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War Opponents Launch Grassroots Campaign Aimed at Larger Numbers
NEW HAVEN, Connecticut -- Fed up with the Iraq war, the peace movement is trying its own surge.
After years of large-scale national demonstrations in Washington, New York and other cities have failed to end the war, activists are embarking on a campaign that starts Friday with more than 100 local protests around the country.
The protests will continue on the third Friday of each month, with participants pledging to stop their daily routines on that day and take some kind of action.
Thousands have signed the pledge, promising to wear black armbands, stand silent, put signs on their lawns, or not buy gas or shop, organizers say. One woman is buying plastic toy soldiers, putting "bring me home" tags on them and leaving them in public places.
"This is something that will catch on," said Bill Fletcher Jr., one of the organizers. "I'm very excited about it."
The campaign is called the Iraq Moratorium, inspired by a similar effort during the Vietnam War that peace activists say was effective in galvanizing opposition. Organizers say polls show a majority of Americans believe the war was a mistake, but only a small fraction have become active in protests.
"I think it has terrific potential because it provides a focus at the local level so a much broader spectrum of folks can be involved," said John Humphries, an organizer in Connecticut. "It has the potential to involve much larger numbers of people and energize them over time."
Well-known activists such as Tom Hayden and actress Susan Sarandon are supporting the campaign, organizers said.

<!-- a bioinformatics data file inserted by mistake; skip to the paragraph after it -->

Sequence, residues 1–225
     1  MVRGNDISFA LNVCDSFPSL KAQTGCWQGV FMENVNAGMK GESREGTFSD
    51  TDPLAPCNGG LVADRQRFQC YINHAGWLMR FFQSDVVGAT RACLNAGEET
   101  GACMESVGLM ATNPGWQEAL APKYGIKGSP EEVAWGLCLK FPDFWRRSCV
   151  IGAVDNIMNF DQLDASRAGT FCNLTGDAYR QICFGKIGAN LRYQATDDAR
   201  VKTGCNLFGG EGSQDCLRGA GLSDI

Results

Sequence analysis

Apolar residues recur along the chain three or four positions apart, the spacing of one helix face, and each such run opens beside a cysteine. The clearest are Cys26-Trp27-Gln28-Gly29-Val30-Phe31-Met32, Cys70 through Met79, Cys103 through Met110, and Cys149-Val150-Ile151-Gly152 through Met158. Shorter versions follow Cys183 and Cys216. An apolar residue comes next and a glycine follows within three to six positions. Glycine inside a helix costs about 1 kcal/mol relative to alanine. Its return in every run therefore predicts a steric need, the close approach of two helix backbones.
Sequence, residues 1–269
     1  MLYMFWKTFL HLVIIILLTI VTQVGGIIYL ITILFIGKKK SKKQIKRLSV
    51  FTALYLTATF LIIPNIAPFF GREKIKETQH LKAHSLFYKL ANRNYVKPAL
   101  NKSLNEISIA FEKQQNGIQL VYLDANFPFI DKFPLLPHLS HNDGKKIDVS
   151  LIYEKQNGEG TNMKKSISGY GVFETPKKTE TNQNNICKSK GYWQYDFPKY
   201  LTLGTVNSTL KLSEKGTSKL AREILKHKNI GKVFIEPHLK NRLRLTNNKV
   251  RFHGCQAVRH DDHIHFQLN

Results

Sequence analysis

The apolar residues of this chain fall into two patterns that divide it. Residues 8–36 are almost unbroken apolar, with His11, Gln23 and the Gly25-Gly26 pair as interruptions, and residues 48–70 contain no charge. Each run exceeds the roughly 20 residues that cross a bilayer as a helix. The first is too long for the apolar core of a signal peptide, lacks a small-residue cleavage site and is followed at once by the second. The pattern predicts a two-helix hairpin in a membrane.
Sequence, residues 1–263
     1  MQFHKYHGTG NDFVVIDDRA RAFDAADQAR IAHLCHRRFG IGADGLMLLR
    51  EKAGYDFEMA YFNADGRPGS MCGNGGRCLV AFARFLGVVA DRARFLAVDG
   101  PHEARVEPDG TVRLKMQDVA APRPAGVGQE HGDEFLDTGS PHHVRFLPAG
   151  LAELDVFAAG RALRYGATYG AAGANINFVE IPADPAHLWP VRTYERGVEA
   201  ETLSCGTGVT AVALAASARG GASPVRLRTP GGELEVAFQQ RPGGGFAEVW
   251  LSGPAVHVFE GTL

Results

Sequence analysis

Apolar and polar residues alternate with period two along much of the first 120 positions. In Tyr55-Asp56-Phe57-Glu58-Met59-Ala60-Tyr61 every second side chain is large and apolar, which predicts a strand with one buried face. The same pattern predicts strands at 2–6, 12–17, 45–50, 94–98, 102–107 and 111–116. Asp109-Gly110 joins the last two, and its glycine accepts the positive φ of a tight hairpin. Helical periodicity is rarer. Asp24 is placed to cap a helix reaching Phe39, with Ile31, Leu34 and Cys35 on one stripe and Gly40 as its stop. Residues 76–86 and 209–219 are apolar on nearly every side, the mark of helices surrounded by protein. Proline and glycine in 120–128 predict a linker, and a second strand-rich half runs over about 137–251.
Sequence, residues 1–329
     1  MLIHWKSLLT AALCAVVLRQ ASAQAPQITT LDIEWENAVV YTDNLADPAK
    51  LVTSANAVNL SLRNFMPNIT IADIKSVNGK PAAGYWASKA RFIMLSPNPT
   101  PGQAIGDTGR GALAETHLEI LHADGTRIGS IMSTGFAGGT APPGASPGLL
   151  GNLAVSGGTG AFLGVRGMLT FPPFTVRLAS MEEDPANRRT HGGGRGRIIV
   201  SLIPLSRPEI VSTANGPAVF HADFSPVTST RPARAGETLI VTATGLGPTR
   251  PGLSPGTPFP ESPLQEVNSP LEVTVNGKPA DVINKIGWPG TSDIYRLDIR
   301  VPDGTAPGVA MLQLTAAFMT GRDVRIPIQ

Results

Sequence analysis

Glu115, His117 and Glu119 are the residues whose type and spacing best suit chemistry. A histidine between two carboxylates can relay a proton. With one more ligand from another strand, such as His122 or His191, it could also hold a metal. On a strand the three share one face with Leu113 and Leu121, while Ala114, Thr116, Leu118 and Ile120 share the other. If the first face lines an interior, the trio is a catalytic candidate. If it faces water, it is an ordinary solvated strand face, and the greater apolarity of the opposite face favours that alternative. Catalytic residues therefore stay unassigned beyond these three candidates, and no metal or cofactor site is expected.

Kristinn Taylor, spokesman for Gathering of Eagles, an organization founded by Vietnam veterans that has held demonstrations to counter war protests, dismissed the campaign.
"They've been trying for six years to gin up a Vietnam-era-style anti-war movement and they have failed miserably," Taylor said. "I just don't think the American people want to lose the war."
Hayden said the anti-war movement has drawn large numbers. Personal pledges are a way for people to become more involved, he said.
"I think the idea here is to address the frustration that this war is so removed from daily life except for the small number of families who have sons and daughters there," Hayden said. "Many people don't feel they're doing enough and the moratorium speaks to that need."
The first round of protests Friday will include a "living graveyard" in Oakland, Calif., in which protesters plan to lie on the sidewalk covered with sheets symbolizing the war dead. An exhibit in San Francisco will feature 393 pairs of boots representing soldiers from California who have died in the war.
In Chicago, war opponents plan a "die-in" at Federal Plaza. Others will bang pots and pans.
In New Haven, protesters will read the names of soldiers killed. Protests in Iowa and other states will target members of Congress, challenging officials over why they keep funding the war.
Organizers are hoping the campaign will escalate in numbers and intensity, possibly leading to civil disobedience and boycotts. They say the new campaign is not designed to replace existing protests.
"We believe and hope it will escalate," said Dennis O'Neil, another organizer. "The hope is by doing this escalation of pressure month by month it will give people heart. Also the politicians will feel the pressure as well."
© 2007 The Associated Press